Pensacon organizers say event has outgrown Pensacola Bay Center

Photo: Thousands wait in line outside the Pensacola Bay Center for Pensacon 2018 Source: WEAR Jamarlo Phillips via Twitter (@JPhillipsTV)

Pensacola's biggest sci-fi/comic book convention is almost getting too big for its venue.

Aside from the lines outside of the Pensacola Bay Center, the line to get autographs and pictures spanned around the room.

Channel 3 spoke to several people waiting in those long lines.

"This is getting a little bit too small for the entire crowd that showed up," said Russel Davis.

"It has grown massively- they really need to build a bigger facility," Amy Boutwell said.

But the waiting didn't stop people from having fun.

There were tables and booths to keep them busy, and childhood heroes to talk to.

Pensacon founder Mike Ensley says each year the event grows in numbers.

Last year Pensacon attracted around 28,000 people. This year organizers expect that number to grow to more than 30,000 people.

"I think it's [been] outgrown the Bay Center, that's why we have like five different venues now," Ensley said.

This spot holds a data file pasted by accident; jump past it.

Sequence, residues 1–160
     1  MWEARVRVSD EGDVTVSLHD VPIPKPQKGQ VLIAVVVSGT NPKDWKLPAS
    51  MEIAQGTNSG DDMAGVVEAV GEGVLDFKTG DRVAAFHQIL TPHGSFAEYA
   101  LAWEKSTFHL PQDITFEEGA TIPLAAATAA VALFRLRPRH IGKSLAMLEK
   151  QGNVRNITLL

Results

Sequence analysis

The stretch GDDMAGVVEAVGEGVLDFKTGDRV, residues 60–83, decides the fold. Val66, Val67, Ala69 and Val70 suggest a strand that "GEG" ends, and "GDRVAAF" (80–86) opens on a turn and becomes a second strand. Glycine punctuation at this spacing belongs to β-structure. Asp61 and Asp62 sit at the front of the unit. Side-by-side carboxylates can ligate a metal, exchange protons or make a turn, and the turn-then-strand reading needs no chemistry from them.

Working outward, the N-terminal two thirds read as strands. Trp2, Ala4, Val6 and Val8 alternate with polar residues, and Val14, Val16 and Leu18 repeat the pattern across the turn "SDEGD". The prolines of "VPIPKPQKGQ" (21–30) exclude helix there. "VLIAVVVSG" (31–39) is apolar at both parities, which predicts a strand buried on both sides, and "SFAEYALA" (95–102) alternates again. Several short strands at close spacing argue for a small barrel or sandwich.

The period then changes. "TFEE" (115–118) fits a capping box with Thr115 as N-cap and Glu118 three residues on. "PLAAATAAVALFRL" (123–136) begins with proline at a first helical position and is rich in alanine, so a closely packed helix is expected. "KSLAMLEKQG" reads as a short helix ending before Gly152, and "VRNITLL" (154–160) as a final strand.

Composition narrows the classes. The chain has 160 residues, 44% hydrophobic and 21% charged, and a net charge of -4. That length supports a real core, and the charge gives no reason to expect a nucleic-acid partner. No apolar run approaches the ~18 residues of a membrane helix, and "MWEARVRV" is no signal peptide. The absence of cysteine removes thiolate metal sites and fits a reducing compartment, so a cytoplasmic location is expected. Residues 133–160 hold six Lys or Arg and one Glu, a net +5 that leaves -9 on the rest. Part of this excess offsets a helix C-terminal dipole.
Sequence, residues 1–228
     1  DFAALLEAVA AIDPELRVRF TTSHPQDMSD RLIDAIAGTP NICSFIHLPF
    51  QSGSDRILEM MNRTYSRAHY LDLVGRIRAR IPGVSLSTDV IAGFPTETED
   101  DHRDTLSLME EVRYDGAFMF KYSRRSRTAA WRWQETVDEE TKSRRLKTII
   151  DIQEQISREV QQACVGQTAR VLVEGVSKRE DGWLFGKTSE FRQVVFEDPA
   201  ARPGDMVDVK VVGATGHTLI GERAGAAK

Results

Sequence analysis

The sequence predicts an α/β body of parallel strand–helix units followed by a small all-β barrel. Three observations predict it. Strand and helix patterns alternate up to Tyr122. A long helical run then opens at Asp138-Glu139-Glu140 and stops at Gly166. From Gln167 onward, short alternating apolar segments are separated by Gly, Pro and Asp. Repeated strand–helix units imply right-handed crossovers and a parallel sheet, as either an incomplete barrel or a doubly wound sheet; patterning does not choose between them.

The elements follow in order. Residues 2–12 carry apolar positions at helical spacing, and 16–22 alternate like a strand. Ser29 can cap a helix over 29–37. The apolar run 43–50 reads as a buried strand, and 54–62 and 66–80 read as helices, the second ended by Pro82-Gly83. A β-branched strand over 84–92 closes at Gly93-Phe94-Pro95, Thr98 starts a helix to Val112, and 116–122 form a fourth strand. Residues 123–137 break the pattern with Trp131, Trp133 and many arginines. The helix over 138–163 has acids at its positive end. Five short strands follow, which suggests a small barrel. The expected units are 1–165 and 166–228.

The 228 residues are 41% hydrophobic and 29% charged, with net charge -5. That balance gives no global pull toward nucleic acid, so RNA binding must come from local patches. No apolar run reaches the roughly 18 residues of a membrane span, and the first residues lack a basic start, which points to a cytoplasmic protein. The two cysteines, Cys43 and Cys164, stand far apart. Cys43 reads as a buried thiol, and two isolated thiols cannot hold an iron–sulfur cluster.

Escambia County Commissioner Doug Underhill agrees.

"The space just doesn't work for how cool of a thing Pensacon is," Underhill said.

Underhill says a new facility is needed soon. He says wants the county to go back and reevaluate a study of the Bay Center.

"Let's build a facility where hockey doesn't prevent us from doing everything else," Underhill said.

He says there will never be a year where the Bay Center will cost less than the year before.

"It's $1.3 million a year that it costs us and it is only going to get worse. Remember we ended up having to give up three home games last week because the cooling structure underneath the floor broke," explained Underhill.

But for now, fans of sci-fi, comic books, and other pop culture can count on attending Pensacon for their chance to bring their favorite characters to life.

"Pensacola doesn't really have anything of any size comparable to this, so yes we will be back here next year," Ensley said.

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